Last night, I went to the first service in the local parish church right around the corner from where I live.  For a year and a half the church had been closed, because the previous congregation was one of those right wing splinter groups over the ordination of gay bishops.  I went to one of that guy's sermons and never went back.

But I went back last night.  The congregation was intimate, and I knew several people from work and town.  We sang the church's greatest Christmas hits.  The church itself was lovely, if spare.

And the sermon reminded us that Christmas is about finding love and therefore God right in front of us.  Love/God exists as close to us as the breath we breathe.  Earlier in the day, I lost my temper with my rambunctious children.  My kids are the first thing/person/idea that I would gladly lay down my life to protect. But they are also loud, impulsive, occasionally rude, often violent with each other and cannot hear the word "no" unless it is shouted four times.

Holidays are tough.  There is whole genre of holiday movies/stories about the hell of the holidays.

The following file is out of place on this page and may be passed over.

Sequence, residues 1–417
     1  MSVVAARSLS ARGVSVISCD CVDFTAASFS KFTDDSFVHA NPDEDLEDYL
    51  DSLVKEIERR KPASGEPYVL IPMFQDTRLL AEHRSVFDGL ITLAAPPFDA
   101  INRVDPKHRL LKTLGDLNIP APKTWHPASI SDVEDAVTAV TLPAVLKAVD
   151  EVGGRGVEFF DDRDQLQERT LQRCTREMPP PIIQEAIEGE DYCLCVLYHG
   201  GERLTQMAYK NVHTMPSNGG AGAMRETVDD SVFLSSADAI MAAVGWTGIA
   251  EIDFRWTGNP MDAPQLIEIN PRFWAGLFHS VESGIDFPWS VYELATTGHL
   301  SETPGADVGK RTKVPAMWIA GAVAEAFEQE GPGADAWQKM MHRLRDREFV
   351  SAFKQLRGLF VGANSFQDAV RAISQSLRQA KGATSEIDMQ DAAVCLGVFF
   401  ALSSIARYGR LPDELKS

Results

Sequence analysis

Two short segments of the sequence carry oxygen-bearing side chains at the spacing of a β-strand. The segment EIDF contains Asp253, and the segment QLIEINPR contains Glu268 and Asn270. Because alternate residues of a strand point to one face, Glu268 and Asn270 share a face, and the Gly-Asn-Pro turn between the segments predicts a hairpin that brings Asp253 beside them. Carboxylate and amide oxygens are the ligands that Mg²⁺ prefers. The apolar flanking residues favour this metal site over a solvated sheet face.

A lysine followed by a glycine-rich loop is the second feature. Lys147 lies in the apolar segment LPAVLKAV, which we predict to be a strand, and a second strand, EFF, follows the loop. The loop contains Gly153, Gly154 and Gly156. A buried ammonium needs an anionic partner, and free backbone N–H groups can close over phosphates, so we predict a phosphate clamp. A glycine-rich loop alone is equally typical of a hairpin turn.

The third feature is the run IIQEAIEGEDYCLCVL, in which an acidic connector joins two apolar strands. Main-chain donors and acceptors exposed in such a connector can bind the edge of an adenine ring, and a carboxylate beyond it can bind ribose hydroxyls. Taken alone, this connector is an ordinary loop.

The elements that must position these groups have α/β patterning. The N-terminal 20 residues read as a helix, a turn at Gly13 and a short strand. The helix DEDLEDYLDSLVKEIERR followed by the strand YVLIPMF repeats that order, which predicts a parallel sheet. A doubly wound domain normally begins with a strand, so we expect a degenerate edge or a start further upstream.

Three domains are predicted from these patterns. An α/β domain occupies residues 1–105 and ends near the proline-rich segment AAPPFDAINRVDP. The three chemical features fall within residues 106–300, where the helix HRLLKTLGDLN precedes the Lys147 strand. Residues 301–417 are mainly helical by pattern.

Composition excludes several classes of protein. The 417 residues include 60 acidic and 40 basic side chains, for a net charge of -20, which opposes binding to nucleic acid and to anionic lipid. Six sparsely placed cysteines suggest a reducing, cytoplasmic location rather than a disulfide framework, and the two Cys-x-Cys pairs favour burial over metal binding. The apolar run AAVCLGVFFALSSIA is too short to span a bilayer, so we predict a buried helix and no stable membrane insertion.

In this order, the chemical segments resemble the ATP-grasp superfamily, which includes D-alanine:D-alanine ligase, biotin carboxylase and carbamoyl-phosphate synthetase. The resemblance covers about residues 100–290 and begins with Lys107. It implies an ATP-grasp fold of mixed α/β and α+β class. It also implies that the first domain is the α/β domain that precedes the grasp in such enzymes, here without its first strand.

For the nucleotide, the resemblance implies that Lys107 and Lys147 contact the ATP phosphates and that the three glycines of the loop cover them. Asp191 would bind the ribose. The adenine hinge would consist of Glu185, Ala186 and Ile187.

But last night, I was reminded that too often we see the problems and the hassles.  Because we can SEE them after all.  You can't ignore it when one of your sons kicks the other in the face and gives him a bloody nose.

But here in this chilliest, darkest time of year, we are reminded that you can find love/God everywhere.  Even in a stable, surrounded by migrant workers.  And in this chill, dark time of year, remember to see the breath that billows from your mouth before your eyes.

Remember to see the love that passes all understanding.

It won't be easy.  And I'll fail more times than I succeed.

But it's worth it.

Merry Christmas.

Friday, December 24, 2010

Merry-juana Christmas

Soooo, Pat Robertson came out for decriminalizing marijuana.

Let's just let that sink in for a moment.

The guy is old, white and evangelical.  Pretty much the core constituency for the War on Drugs.  And yet he noted that we are locking people up for getting stoned.

Now, I don't agree with Pat Robertson on many things.  Ok, almost any thing.  OK, this might be the first thing Pat Robertson and I agree on.

Like Robertson, I agree that... Did I just write that?... marijuana should not be explicitly legalized.  I'm not comfortable with that.  But at the very least, we have to admit that no amount of legal coercion is going to stop people from sparking up.  We've been waging this stupid War on Drugs since Nixon.  It's pretty much an Epic Fail.

Decriminalizing small amounts of marijuana will not lead to end of civilization.  It will lead to more room in our overcrowded prisons for actual criminals.  It will lead to fewer lives ruined by years in jail for reasons that are increasingly absurd.